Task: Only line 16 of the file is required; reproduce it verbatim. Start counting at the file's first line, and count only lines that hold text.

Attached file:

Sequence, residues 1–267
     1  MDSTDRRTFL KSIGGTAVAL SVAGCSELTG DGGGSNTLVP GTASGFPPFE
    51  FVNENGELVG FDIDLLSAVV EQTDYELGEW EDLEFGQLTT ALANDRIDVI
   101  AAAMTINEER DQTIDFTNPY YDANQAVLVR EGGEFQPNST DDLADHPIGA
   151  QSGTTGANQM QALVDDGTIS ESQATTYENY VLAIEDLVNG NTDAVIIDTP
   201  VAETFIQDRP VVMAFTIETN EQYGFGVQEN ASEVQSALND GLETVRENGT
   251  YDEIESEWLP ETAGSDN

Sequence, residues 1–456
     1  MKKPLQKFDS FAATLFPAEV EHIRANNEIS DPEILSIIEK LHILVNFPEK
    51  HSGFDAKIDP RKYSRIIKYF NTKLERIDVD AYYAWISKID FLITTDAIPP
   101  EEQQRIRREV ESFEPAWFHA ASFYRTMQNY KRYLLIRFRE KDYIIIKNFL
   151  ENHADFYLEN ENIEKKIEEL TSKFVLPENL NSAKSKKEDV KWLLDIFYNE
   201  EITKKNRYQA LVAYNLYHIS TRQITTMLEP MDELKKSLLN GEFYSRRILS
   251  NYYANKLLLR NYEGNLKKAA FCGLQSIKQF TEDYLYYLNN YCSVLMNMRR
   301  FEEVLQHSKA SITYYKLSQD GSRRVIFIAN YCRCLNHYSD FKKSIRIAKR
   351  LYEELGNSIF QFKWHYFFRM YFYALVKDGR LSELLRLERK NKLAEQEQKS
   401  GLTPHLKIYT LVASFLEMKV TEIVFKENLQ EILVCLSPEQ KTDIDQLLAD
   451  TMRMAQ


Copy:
   351  LYEELGNSIF QFKWHYFFRM YFYALVKDGR LSELLRLERK NKLAEQEQKS